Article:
Product Details

ISBN-13:
9780307982551
Publisher:
Random House Children's Books
Publication date:
04/24/2013
Sold by:
Random House
Format:
NOOK Book
Pages:
40
File size:
16 MB
Note:
This product may take a few minutes to download.
Age Range:
4 - 8 Years

What People are saying about this

From the Publisher
"There is just enough tension for the preschool audience here, but the pictures, even the semi-scary nighttime spreads, are too bountifully warm to leave anything but a happy ending in doubt." —The Horn Book, starred
-The Horn Book, starred

"It's almost impossible to glimpse Nini the tabby cat on the cover of Lobel's new book and not open it." The New York Times

"Told with an elegant simplicity that children will appreciate, this is filled with Lobel's endearing watercolor-and-gouache artwork, with big swirls of emotion and the tiniest nod of relief in a little cat's upturned lip. A wonderful read-aloud, with the length of the text, the size of the art, and the adventure of the tale all being just right." Booklist, starred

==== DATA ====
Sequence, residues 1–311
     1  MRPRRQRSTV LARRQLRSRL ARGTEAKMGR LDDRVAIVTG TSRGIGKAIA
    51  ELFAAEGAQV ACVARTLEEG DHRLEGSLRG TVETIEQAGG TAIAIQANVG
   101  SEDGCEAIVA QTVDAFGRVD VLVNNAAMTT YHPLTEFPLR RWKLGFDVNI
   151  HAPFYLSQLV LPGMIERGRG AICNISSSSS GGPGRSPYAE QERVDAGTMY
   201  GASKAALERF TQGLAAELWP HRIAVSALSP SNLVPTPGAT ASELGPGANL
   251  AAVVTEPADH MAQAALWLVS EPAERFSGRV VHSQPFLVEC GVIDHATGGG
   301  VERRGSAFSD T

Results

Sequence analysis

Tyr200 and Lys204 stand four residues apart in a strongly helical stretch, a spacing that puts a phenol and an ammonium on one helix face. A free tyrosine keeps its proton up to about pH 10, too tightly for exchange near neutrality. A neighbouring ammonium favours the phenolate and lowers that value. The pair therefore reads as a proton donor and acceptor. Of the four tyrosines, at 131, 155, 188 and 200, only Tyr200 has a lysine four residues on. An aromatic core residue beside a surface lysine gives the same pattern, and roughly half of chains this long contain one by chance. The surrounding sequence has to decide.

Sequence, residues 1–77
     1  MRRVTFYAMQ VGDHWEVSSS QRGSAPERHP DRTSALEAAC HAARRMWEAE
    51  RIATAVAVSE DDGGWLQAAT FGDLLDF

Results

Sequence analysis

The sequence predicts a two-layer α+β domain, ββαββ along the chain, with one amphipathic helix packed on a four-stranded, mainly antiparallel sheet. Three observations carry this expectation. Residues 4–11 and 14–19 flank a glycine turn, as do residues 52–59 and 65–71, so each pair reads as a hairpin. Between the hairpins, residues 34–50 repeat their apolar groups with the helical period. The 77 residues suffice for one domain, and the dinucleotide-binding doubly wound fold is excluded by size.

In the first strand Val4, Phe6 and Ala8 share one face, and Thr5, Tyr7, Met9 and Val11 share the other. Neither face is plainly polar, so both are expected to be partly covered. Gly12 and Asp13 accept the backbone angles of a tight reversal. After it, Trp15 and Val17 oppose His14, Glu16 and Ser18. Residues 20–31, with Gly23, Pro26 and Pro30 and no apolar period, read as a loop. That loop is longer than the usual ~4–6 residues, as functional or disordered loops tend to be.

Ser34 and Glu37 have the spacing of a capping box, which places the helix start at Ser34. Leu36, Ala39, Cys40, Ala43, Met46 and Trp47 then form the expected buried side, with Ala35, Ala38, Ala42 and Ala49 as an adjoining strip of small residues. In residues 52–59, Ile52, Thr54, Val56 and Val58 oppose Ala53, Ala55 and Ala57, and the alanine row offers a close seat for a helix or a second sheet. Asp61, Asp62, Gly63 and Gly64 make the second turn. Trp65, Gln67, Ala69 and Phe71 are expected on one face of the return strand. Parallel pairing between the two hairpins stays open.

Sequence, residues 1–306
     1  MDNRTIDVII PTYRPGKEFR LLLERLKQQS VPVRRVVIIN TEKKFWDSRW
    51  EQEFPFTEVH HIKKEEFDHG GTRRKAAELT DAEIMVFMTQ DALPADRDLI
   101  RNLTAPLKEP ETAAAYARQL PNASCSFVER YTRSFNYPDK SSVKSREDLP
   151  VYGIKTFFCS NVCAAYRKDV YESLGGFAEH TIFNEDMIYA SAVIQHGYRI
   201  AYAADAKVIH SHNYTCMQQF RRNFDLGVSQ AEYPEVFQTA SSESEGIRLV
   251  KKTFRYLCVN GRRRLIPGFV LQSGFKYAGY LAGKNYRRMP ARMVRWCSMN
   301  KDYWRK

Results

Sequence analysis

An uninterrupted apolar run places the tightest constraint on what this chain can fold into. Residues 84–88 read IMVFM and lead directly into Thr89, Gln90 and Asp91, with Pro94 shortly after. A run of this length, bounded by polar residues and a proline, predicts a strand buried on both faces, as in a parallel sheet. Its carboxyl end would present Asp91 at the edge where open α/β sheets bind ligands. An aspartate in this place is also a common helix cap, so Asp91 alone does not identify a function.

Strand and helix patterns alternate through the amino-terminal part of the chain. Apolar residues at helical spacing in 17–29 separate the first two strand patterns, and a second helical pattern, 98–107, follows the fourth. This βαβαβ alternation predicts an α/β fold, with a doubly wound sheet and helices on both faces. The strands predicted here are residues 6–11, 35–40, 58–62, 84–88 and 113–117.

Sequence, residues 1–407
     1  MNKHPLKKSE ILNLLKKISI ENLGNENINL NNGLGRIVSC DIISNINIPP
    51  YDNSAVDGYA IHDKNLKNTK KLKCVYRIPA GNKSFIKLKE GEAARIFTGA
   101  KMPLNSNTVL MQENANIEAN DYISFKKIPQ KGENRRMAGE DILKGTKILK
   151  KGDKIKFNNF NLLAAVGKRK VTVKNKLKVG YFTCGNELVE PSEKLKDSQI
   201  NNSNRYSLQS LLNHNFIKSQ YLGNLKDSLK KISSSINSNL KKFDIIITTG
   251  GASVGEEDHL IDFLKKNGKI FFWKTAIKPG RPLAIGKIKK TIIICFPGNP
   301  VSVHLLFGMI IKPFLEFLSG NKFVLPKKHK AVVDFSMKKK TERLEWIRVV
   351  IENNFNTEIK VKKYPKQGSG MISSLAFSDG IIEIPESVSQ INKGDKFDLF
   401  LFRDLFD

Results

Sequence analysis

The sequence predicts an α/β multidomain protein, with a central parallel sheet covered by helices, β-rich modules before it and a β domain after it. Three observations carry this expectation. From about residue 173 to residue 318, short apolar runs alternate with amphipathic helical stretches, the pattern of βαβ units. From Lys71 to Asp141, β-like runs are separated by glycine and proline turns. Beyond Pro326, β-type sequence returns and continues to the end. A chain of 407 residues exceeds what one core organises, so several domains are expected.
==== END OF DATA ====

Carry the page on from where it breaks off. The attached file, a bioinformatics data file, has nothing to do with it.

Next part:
"Lobel captures a cat’s clear, opinionated and lovably hedonistic thinking in her simple storytelling. She also introduces the joys of home, the thrill of freedom and the scariness of the unknown to young readers, who will strain to hear the calls of Nini’s owners in the night." Kirkus, starred

Meet the Author

Anita Lobel, illustrator of more than 40 picture books, including the Caldecott Honor Book On Market Street and A New Coat for Anna, has also written and illustrated two other books starring her cat, Nini: One Lighthouse, One Moon and Nini Here and There, “an exemplar of all a picture book can be,” said Daniel Pinkwater on NPR. Her YA memoir, No Pretty Pictures, was a National Book Award Finalist.

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Nini Lost and Found 5 out of 5 based on 0 ratings. 1 reviews.
Anonymous More than 1 year ago
This is my dads cousin, anita lobel and i have alot of her books she manly writes boks for us and nini was her cat who she loved dearly i never got to see her but ive heard stories about nini